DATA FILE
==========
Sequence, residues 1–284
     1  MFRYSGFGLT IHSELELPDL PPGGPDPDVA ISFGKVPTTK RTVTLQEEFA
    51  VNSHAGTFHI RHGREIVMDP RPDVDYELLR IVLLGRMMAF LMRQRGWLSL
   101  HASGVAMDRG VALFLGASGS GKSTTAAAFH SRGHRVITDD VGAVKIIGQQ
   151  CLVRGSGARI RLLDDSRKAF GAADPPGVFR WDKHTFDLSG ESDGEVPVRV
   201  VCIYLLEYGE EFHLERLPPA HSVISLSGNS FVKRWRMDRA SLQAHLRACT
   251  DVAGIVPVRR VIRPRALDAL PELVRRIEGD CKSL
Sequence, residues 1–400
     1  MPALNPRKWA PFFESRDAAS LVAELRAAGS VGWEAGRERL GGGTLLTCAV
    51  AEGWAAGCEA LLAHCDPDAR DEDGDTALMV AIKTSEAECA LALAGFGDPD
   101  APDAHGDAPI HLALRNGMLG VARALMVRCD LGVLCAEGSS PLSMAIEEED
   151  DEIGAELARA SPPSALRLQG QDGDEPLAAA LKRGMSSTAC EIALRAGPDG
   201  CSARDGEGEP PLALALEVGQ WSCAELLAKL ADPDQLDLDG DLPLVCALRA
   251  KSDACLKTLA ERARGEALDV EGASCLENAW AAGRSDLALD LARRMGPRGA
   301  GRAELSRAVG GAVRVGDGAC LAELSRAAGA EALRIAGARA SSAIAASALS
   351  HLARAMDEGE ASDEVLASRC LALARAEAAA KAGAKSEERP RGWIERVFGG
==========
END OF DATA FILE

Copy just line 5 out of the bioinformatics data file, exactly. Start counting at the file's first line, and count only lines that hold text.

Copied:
   151  CLVRGSGARI RLLDDSRKAF GAADPPGVFR WDKHTFDLSG ESDGEVPVRV